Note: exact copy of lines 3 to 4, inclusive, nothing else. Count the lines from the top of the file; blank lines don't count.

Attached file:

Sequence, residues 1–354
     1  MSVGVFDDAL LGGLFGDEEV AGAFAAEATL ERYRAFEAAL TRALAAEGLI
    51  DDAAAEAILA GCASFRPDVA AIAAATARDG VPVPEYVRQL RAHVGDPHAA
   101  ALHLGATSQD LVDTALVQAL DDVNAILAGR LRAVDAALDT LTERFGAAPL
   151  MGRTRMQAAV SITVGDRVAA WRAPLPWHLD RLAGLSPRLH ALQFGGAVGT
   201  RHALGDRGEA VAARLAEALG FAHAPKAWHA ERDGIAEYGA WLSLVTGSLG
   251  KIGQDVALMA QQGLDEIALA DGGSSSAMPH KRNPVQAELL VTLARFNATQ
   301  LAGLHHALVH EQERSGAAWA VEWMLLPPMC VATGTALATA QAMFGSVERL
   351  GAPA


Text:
    51  DDAAAEAILA GCASFRPDVA AIAAATARDG VPVPEYVRQL RAHVGDPHAA
   101  ALHLGATSQD LVDTALVQAL DDVNAILAGR LRAVDAALDT LTERFGAAPL